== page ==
Thursday, February 27, 2014

I Can't Blog Right Now Because There's a Leg on My Mantel


And there's this...

And this...

And it would be very imprudent and irresponsible for me to do much of anything besides focus on family, housekeeping, and prayer.  I have already been absent here for some time and think I will be for several more days.  I've still been reading a couple of the blogs I love and am looking forward to jumping back in myself.  But... as you can see, there is so much here that deserves (and demands!) my loving attention.  

Hope to be back sooner rather than later!

Wednesday, February 19, 2014

Crime and Pu...Nourishment (Stretching a Dostoyevsky Reference a Bit Too Far Just to Make Some Recommendations on Books Not by Dostoyevsky )

The other day someone asked me how Sweet Baby James was sleeping at night and how night-nursing was going.  "Oh, it's been mostly fine.  Nursing in the quiet of night gives me the opportunity to catch up on a little Chesterton."  The inquirer may have thought me very clever and academic-like, but she was none the wiser since I hadn't quite specified...  I'm just still trying to get through G. K.'s Father Brown mysteries :) I started them when Clare was born two years ago, but the complete set I had borrowed from the library was so dang big and heavy, it wasn't a very nursing-friendly tome.  There's only so much you can manage with a tiny human attached to you and one hand free.  But now I've got the complete mysteries on my phone (99 cents in the Kindle Store!)so I'm able to manage much better :)  

I can think back to when I was nursing each of my children as newborns and recall the books that I read during that time. Mysteries come up frequently, particularly the Jane Austen Mysteries by Stephanie Barron.  They are an easy read, but are thoroughly entertaining and often quite suspenseful. If you're a fan of Austen and mysteries, I can pretty safely guarantee you'll enjoy these books.  If you're a stuffy Jane Austen scholar, maybe not. But I'll let you sort that out for yourself.  

Barron's series of 11 (soon to be 12 !!!! books) are written as if they were the long lost journals of Jane Austen which were only recently "discovered" in a basement.  In them Jane willingly, but rather accidentally, serves as a detective for a variety of crimes, and ends up solving many a mystery while she moves about her ordinary life in turn-of-the-19th-century England. Readers are introduced to many of the players in Austen's real life - her sister Cassandra, her brothers, sister in law, nieces and nephews, etc... as well as several fictional characters including one with whom she develops a compelling, though restrained, romance.  I've enjoyed all of the stories in the series and am looking forward to the latest, Jane and the Twelve Days of Christmas, purported to come out this fall.  (It is best to read the books in order if possible, as there are story lines which carry through and develop throughout.)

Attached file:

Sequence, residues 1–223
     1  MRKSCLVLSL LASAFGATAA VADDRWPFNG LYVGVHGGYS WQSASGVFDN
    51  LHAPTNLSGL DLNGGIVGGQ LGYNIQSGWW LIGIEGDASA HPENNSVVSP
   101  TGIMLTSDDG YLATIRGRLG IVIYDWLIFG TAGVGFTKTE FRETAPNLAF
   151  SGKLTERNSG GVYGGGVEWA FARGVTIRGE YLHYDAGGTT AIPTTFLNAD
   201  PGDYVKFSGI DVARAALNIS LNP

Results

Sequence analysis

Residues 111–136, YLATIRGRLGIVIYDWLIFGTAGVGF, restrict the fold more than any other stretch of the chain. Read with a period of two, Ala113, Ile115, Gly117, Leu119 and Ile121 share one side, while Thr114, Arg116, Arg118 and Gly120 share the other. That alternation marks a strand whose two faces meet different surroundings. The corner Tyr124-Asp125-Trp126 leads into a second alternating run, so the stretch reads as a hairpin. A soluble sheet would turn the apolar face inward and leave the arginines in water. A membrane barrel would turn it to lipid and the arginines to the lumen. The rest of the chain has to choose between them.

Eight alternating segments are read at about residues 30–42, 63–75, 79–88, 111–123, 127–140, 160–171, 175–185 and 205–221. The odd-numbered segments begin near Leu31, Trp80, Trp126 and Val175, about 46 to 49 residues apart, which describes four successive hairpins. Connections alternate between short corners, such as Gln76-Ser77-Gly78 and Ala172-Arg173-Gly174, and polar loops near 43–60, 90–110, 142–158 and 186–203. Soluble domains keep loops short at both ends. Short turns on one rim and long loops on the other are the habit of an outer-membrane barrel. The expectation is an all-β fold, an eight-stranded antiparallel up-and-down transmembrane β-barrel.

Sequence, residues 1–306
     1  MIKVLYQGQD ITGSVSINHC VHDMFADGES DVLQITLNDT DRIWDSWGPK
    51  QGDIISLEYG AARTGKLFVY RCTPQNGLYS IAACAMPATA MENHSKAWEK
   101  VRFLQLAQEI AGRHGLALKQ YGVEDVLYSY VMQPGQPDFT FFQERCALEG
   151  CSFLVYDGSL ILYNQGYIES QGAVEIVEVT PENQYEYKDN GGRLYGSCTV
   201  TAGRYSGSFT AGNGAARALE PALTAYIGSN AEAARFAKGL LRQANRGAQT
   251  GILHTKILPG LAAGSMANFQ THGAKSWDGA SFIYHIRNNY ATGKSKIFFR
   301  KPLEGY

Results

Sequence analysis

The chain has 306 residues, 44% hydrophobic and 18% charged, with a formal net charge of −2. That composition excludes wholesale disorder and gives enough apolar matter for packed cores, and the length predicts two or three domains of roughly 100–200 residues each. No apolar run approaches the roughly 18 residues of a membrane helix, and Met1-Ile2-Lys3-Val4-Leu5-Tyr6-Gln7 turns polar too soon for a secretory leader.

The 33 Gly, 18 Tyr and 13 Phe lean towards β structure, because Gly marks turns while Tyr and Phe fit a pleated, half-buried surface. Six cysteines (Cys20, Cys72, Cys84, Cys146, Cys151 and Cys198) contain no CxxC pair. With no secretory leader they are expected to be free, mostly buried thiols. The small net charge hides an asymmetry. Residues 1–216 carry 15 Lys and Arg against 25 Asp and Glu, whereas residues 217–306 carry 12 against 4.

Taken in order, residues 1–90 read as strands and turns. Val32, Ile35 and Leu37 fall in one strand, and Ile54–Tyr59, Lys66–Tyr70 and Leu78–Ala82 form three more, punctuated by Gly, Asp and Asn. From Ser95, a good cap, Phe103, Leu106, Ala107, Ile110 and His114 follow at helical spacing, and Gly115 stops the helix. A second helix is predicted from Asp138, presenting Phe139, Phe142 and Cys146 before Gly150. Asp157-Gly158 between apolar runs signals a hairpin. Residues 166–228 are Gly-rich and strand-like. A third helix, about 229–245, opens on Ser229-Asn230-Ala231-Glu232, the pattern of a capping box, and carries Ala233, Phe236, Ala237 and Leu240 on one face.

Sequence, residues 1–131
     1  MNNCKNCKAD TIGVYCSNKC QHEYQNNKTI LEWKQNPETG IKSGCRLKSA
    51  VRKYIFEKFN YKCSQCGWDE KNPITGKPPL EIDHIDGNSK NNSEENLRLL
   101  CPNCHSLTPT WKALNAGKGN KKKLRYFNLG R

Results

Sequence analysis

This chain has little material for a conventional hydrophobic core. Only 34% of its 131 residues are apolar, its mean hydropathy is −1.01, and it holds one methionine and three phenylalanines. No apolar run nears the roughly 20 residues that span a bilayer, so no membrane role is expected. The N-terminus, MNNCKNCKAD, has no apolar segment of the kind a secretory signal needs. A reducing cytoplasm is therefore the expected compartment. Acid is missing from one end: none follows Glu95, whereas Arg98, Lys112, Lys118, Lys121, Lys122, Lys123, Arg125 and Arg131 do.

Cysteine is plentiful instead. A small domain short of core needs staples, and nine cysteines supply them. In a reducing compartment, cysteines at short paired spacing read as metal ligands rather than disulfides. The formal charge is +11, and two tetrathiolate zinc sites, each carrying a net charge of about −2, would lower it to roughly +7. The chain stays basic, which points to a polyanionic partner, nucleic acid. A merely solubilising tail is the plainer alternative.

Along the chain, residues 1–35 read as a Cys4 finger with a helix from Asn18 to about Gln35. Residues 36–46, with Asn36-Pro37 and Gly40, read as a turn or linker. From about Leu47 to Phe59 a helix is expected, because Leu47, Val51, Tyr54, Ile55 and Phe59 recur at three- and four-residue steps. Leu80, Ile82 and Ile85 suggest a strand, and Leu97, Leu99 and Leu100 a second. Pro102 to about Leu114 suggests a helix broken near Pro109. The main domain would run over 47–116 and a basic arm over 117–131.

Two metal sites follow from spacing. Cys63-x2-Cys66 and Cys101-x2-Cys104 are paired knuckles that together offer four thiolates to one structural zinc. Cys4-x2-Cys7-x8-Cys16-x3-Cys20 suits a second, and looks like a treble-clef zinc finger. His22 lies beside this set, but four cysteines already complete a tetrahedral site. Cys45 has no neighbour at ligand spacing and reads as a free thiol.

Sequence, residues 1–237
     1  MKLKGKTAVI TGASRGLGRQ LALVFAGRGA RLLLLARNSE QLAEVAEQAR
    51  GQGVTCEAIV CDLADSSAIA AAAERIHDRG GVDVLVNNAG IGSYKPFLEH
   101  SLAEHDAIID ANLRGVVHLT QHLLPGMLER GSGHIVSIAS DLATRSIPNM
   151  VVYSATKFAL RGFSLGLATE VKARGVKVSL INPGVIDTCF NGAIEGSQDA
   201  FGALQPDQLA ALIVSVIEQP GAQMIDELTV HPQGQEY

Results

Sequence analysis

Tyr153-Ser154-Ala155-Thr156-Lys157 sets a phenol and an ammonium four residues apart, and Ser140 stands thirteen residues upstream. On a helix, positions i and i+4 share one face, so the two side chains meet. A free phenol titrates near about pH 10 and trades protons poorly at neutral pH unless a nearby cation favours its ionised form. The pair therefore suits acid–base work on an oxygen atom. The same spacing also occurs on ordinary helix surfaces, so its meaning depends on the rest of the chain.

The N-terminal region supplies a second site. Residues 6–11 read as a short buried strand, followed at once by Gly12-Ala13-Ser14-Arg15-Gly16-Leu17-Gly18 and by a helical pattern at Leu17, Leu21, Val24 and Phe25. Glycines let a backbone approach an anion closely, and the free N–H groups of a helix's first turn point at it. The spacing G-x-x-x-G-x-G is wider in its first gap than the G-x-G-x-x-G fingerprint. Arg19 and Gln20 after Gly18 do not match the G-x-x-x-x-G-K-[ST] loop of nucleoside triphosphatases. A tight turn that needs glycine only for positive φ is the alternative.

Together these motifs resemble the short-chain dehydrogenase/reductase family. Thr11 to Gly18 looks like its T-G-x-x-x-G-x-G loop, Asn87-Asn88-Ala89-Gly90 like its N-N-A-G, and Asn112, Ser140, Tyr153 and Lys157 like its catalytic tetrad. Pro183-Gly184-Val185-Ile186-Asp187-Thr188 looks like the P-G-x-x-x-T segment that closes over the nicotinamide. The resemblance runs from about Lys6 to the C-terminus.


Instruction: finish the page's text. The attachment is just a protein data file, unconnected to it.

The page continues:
There is a nice review of Barron's series here.  And a list of the books in the order that they were written is here.  

* * * * * *

Aaron has jumped on the bandwagon that is crime-solving while I nourish the baby.  He has been reading Mercy Watson Fights Crime by Kate DiCamillo to us (typically while I'm feeding James on the couch, which incidentally, is the exact same time that everyone else has to be on the couch.) I checked a few of the Mercy Watson books out of the library at Erin's (from Seven Little Australians and Counting) recommendation.  We've been thoroughly enjoying the quirky and funny adventures of the beloved household pig, Mercy.  The books are perfect for Aaron, who is able to read them independently.  Mercy Watson Fights Crime has been the favorite so far - it's hard not to enjoy a story about a bumbling thief who wants to be a cowboy and the toast-loving "porcine wonder" who foils him :)